Ugh. That is an easy one to say. Joe Biden has pledged in his platform to cancel the presidential permit for the oft-maligned Keystone XL and vowed to make it more demanding to build critical energy infrastructure. He wants to include the effects of “downstream emissions and climate change” in the federal permitting process – sound familiar? All the changes proposed by Biden will make the development of large infrastructure projects harder, longer and more expensive. This will also embolden opponents of existing projects currently being challenged, including Dakota Access and Line 3 (gulp!).




Donald Trump is a big fan of energy infrastructure and his administration has approved a lot of stuff. He sent out the national guard to help get Dakota Access built (currently under threat of shutdown) and approved KXL upon inauguration. But the lack of finish or closure on many of these projects should be worrisome. It is one thing to be a fan and supporter, it is entirely another to be able to execute and complete against a backdrop of state and first nations protest.


Should Canada Care


Heck ya. The United States is the dumping ground for 80% of our fossil fuel production. We need pipeline capacity to get it there. KXL and Line 3 are critical infrastructure for Canada. Anything that makes developing these projects harder is a major deal for us, in particular the province of Alberta which is an investor and loan guarantor on the KXL project. I believe Line 3 will be built and am currently 25% on KXL, a number than can only be influenced higher upon a Biden win if Trudeau can pull off the biggest charm offensive in history. On the other hand, when it comes to new projects, anything that makes life tougher for greenfield development in the United States makes brownfield development here just a little bit easier.


Canada, which has a decade-long head start on pipeline and infrastructure obstructionism and regulatory overhaul should actually emerge ahead on this file, just don’t expect immediate results.


The Environment




Clearly Biden is way ahead on the green report card when it comes to a commitment to the environment, emissions targets and decarbonization. Some signature policies include rejoining the Paris Accord, trying to achieve decarbonization of the grid through a seven fold expansion of wind and solar capacity and restoring the EV tax credit thereby allowing rich people to once again buy fancy Teslas at a lower price.


All kidding aside, the Biden renewables plan is probably the last nail in the coffin for thermal coal in the United States, with predictive evidence of its decline being seen daily, including retirements of the last coal baron’s and the constantly reducing production guidance from the largest domestic producers. Granted, coal’s decline is secular and driven by cost and environment, but a Biden administration would accelerate that. The Biden platform also includes a carbon tax on emitters and producers. One would assume this requires control of the Senate to implement, but surprisingly from what I have read, a carbon tax could have bipartisan support, at least until it is politicized. Also, be on the lookout for carbon levies or fees on imported products, Canada needs to get as far in front of this possibility as possible.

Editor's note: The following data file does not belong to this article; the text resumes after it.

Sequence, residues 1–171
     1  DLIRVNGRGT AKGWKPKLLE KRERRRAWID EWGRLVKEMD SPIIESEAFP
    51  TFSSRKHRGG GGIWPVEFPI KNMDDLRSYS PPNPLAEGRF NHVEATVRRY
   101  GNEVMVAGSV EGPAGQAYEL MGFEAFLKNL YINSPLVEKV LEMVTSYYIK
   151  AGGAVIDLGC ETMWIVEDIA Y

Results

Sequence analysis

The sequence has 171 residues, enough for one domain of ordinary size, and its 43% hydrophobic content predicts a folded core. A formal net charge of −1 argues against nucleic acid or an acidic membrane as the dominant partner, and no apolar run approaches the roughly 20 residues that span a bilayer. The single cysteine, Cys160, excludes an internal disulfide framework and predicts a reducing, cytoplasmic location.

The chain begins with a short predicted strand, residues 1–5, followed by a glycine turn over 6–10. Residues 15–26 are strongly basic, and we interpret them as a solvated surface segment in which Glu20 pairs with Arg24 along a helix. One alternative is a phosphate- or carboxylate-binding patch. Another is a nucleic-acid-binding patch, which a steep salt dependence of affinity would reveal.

Not to be outdone, Trump promises more of the same for coal. He supports the industry but was powerless to stop global and market forces. Consumption of coal is down by close to one third since his election and as a result the United States is one of the few global jurisdictions to record lower carbon emissions since the Paris Accord was floated. This is objectively a good thing. Air quality in the United States (absent raging climate change induced forest fires) is at its highest in decades. Look, I know this is not an actual policy driven achievement, but it happened on Trump’s watch so I am going to give him credit for that. Oh, and there is a less than zero chance of a carbon tax with Trump 2.0.


Should Canada Care


Of course we should! Over the past four years Canada has been going it alone in North America on the environment, the carbon tax and the Paris Accord front. It’s about time somebody else started implementing these things – we are lonely! From an industry competitiveness standpoint, my own personal view is that any sane oil and gas executive in Canada should be hoping for a Biden victory and subsequent implementation of his carbon tax and green plan because it almost immediately makes Canadian energy more competitive.